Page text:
Who pays for these medications?

There are two main payers: public drug plans (government) and private insurance plans (through an employer).

Private insurers make their own decisions. Some private payers have decided to cover CGRP antibodies, usually with clinical criteria (headache frequency, previous medication failure).

Public insurers (linked to provincial Health Ministries) make decisions based on recommendations by an agency called CADTH.

All the medications listed above are available in Canada. Many private insurance companies have included these medications on their drug plans although the criteria from one insurance company to another may vary.

We are hopeful these medications will soon be covered by the provincial drug programs across Canada in the coming months. We will provide regular updates on our website and through social media channels. Until then, there is no public reimbursement/access in any province.

Patients do have the option to pay out of pocket with no financial support from the government or insurance companies*.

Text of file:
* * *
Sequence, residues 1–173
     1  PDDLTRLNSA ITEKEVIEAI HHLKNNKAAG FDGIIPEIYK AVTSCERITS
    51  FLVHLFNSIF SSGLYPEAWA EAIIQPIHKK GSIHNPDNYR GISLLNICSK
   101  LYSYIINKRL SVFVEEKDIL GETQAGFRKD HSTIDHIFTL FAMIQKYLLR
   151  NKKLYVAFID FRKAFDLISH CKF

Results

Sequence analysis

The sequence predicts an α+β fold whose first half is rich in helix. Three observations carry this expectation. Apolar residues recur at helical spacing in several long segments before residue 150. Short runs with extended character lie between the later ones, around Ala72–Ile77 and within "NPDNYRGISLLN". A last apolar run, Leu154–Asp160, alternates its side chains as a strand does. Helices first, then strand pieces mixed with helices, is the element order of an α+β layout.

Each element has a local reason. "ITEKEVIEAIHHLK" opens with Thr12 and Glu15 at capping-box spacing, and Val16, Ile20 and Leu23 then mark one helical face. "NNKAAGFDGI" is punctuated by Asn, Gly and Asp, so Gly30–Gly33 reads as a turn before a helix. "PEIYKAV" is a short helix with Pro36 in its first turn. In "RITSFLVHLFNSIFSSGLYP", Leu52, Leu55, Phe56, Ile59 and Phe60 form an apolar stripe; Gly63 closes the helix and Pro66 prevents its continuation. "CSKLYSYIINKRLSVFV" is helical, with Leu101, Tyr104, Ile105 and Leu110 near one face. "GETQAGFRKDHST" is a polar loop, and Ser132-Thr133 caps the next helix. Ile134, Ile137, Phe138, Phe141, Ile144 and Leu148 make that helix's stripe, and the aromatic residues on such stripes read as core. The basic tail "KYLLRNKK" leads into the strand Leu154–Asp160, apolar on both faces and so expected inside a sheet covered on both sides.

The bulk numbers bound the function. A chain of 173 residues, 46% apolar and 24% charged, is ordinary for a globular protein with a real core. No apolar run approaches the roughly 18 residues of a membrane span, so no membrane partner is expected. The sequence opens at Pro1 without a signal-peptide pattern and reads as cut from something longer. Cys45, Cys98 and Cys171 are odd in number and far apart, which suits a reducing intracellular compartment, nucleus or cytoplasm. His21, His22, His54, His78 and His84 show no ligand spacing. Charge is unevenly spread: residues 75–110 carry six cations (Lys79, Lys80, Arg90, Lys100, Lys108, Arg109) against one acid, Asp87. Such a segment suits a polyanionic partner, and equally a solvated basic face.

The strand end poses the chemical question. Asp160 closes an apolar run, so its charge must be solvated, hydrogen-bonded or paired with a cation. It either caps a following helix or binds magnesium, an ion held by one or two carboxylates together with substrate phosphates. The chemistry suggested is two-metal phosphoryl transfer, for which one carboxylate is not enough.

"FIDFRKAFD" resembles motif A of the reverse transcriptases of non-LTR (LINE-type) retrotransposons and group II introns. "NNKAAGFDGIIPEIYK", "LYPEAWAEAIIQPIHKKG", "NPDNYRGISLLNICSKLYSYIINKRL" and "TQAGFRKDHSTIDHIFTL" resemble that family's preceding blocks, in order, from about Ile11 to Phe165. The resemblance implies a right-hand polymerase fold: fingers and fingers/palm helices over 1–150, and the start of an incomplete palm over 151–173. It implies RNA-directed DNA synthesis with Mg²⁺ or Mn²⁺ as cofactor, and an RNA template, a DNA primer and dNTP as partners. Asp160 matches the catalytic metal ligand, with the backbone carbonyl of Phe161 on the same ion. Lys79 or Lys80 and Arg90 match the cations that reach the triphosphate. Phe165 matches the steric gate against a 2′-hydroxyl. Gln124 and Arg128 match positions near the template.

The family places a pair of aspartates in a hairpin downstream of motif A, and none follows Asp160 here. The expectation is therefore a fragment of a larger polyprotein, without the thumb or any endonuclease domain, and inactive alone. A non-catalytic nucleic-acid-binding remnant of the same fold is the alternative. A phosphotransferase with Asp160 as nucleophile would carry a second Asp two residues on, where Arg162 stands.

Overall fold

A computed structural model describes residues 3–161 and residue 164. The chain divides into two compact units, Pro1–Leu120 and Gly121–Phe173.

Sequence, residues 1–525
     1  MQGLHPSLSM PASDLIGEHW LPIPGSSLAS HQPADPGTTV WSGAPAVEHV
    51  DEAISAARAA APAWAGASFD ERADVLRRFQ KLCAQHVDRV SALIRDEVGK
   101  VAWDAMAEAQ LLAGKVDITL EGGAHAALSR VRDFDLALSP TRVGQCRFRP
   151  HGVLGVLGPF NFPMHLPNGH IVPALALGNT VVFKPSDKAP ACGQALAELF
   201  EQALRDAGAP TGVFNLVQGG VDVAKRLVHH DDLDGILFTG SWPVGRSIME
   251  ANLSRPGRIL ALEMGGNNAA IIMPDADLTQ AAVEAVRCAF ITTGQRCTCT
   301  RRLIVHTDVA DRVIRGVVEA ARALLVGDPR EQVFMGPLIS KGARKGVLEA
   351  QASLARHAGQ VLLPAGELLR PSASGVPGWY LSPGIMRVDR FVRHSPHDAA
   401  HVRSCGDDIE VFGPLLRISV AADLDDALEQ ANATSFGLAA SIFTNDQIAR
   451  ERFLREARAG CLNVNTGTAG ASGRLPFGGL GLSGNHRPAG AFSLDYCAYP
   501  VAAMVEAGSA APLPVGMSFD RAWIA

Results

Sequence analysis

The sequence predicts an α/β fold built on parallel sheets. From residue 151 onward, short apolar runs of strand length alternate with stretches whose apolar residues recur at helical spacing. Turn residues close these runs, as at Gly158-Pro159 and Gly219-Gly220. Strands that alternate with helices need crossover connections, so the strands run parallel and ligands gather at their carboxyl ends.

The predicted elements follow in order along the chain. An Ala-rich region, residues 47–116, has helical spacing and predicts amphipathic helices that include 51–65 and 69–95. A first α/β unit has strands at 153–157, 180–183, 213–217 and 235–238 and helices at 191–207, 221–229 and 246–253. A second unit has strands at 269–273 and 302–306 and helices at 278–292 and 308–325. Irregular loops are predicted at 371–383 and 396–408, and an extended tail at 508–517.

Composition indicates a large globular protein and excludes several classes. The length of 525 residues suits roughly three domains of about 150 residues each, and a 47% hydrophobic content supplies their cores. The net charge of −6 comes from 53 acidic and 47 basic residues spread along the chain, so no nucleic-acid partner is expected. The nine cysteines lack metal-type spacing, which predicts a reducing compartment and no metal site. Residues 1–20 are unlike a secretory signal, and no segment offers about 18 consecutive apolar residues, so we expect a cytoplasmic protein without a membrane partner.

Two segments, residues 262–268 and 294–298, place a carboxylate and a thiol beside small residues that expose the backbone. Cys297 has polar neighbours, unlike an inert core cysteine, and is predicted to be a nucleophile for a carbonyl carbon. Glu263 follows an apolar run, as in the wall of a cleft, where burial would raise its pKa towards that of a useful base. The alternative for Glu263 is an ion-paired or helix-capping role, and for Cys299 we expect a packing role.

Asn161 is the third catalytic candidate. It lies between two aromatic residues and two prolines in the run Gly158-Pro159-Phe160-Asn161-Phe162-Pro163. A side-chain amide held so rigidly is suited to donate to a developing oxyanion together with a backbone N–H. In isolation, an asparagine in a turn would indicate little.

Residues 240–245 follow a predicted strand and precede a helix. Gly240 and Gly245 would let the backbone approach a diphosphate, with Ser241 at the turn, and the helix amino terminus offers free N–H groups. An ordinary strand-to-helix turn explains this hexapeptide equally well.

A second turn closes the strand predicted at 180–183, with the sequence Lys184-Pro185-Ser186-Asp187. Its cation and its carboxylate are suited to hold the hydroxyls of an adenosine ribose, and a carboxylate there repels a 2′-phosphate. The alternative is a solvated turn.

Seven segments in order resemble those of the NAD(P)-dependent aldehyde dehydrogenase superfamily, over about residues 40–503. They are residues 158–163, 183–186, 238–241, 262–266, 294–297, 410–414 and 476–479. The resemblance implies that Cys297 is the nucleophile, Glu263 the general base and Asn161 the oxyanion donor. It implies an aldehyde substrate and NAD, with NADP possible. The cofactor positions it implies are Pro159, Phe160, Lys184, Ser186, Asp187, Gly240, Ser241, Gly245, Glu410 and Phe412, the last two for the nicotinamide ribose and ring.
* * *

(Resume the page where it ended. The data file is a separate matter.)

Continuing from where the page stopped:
Share your voice about the importance of having access to medications and improving care for people living with migraine. Take a few minutes of your time and send a letter to your local elected official and Minister of Health through our seamless new advocacy platform. The process is seamless and simple!! Learn how here [ https://migrainecanada.org/advocacy/ ]

Patient Support Programs

Manufacturers commonly offer Patient Support Programs (PSPs) to support patients and healthcare professionals.

Enrollment is initiated by your physician and these programs usually include:

  • Financial support, often to bridge the patient’s while reimbursement is secured through the insurance company.